This project will compare gamma synchrony in 55 subjects with recent onset psychosis and 110 age-, sex- and education-matched controls. An auditory oddball and a visual working memory paradigms were used, to explore the hypothesis that disturbed ‘binding’ in psychosis is not limited to auditory processing.
The EEG data were analyzed using a measure of phase synchrony, described in detail elsewhere (Haig et al. 2000). There were two important differences in the present work. First, multiple frequencies were assessed, rather than simply 40 Hz. Second, a 512-ms fast Fourier transform window was used to estimate the phases at a given frequency, rather than 256 ms. This provided an improved frequency resolution (∼2 Hz), at the expense of temporal resolution. The phase synchrony was estimated for six frequency bands between 35 and 45 Hz at 10-ms intervals.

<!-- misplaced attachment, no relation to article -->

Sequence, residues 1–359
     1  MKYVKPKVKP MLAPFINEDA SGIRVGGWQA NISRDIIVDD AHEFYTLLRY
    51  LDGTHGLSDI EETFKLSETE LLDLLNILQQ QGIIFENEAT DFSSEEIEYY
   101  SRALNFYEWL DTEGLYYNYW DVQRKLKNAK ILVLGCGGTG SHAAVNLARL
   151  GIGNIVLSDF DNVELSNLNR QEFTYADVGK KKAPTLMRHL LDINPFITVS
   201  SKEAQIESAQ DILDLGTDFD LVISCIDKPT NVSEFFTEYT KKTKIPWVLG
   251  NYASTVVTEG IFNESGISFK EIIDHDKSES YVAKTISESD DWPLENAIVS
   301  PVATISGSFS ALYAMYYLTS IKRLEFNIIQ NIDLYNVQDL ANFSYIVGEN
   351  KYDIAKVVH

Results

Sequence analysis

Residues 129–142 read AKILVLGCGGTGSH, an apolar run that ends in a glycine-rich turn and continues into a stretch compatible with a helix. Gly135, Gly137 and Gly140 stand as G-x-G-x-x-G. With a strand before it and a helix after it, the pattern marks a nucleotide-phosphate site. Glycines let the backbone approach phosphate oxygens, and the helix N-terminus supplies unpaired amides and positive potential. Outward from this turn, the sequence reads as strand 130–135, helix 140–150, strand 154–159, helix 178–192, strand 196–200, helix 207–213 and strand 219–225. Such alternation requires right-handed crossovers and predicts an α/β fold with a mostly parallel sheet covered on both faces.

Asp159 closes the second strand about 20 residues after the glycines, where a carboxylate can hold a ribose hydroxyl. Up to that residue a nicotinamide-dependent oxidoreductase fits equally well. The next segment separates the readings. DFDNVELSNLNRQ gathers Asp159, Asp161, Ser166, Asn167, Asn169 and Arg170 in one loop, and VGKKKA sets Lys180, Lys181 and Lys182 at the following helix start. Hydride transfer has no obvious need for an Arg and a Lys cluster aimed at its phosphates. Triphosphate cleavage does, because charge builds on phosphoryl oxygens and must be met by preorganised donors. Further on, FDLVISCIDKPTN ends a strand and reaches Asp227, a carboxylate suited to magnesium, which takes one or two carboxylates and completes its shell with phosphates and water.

Multiple analyses of covariance (controlling for age) showed significant excesses of gamma synchrony in the psychosis group for both paradigms with different topographical distribution in each. In general, there were more marked differences in the auditory paradigm, a dominant frontal and left-sided abnormality in both, with elevated synchrony posteriorly in the visual paradigm.
Elevated synchrony in both paradigms supports the potential role of abnormal assembly formation as a generalized mechanism responsible for the production of psychotic symptoms.